As the Right Wing Rushes to Privatize Water Resources, Social Movements Fight Back
Since the historic approval of the prohibition on all metallic mining in El Salvador, the environmental and social movements have continued mobilizing around another long sought demand- a General Water Law that would upholdaccess to water as a human right and guarantee equitable community control of precious water resources. However, in an attempt to preempt this push, right wing parties in the Legislative Assembly have presented their own proposal regarding the regulation of water resources. The environmental and social movements, who have pushed for a Water Law since 2006, have rejected the right’s proposal and denounced it as an attempt to privatize water.
The private sector proposal, called the “Comprehensive Water Law”, was introduced by the right wing parties ARENA, GANA, PNC and PDC, and would create a private institution responsible for managing and regulating water in the country. This institution would be made up of 2 representatives from the National Association of Private Enterprise (ANEP), 2 from the Corporation of Municipalities of El Salvador (COMURES), and 1 from the government. This structure would essentially give control of the country´s water resources to the business elite, as ANEP and COMURES are both controlled by the economic oligarchy. If this law were to pass, it would essentially be a backdoor privatization of water resources in the country.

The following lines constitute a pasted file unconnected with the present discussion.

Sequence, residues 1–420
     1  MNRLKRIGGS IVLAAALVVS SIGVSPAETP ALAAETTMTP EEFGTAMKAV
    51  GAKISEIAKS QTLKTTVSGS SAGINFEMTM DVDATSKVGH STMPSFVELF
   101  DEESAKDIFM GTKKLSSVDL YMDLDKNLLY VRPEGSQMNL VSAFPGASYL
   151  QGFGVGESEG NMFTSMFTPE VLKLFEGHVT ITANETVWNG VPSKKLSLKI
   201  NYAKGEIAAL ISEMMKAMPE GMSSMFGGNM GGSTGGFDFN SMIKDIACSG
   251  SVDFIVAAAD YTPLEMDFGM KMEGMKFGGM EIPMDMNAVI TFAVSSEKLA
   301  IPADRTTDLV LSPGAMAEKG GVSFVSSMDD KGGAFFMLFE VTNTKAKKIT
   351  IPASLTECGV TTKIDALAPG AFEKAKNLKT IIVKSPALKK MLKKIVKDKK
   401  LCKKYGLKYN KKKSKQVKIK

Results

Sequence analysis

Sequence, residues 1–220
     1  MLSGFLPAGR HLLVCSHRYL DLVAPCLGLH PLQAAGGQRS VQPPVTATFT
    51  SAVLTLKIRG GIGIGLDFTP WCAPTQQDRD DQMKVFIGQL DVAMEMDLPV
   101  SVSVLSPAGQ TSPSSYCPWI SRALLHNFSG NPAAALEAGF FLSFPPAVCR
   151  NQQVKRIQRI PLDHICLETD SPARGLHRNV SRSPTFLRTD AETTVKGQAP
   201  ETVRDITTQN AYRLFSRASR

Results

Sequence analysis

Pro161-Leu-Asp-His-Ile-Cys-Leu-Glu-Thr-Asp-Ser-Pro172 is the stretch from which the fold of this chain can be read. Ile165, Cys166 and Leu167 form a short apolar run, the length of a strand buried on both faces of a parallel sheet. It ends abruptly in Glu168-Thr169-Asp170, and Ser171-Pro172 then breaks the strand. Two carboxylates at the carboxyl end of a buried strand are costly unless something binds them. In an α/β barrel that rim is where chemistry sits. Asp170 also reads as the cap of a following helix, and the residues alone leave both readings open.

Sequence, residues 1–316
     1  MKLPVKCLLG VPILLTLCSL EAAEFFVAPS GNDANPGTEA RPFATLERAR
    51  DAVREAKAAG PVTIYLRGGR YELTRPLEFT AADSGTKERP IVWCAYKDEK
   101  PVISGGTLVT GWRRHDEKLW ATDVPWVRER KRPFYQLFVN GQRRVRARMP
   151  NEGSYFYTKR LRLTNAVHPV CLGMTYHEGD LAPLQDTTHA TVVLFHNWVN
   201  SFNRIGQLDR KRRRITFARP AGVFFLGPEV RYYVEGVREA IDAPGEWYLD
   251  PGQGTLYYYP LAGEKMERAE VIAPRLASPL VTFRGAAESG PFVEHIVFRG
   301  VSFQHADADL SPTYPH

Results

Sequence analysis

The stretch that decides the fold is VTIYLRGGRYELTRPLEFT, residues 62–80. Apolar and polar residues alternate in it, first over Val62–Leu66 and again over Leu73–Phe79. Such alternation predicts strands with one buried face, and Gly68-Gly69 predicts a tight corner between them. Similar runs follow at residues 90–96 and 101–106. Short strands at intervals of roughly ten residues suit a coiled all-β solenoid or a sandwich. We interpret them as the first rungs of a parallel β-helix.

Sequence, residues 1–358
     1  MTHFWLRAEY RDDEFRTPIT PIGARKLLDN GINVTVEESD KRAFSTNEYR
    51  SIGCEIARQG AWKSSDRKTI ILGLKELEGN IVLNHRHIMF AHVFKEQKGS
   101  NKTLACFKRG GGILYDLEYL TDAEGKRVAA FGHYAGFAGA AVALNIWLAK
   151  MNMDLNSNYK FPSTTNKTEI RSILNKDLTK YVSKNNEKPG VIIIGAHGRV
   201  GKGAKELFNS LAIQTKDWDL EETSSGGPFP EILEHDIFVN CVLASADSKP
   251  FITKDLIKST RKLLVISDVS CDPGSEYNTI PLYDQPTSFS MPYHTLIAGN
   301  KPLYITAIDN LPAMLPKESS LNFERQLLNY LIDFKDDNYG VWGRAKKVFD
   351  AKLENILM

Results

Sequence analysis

The fight over water privatization is not new in El Salvador. Privatization of water resources has long been a goal of the right wing business elite, most recently in an attempt to include water in the 2013 Public Private Partnership Law. At that time the social movement and the left-wing FMLN party successfully fought to prevent those attempts to privatize water, and in the end water and other essential public services such as education and healthcarewere excluded from the Public Private Partnership Law.
This new attempt has been met with a resounding “NO” by the social movement, as well as a number of respected public institutions. Carlos Flores, a representative of the popular movement the Water Forum, stated “We are ready to be in the streets and to boycott any attempt to privatize water.” The Water Forum has consistently upheld the human right to water and has fought to ensure that water remain a public good and not a commodity. The union movement, led by organized workers at the public water agency ANDA, has also taken to the streets to defend water rights as the attempted privatization threatens both the livelihood of workers at ANDA but also access to water for all Salvadorans
In addition to the loud, angry responses by the social movement, the right wing proposal has been met with condemnation by the University of Central America (UCA) and the Human Rights Ombudswoman (PDDH). In a statement, the UCA held that “To prioritize the commercialization of water when so many people lack access to it is simply and basically a betrayal of the democratic spirit and of the text of the Constitution, which demands common welfare and social justice.” The Office of the Human Rights Ombudswoman was equally strong in recognizing that water is a human right and as such it must remain in public hands.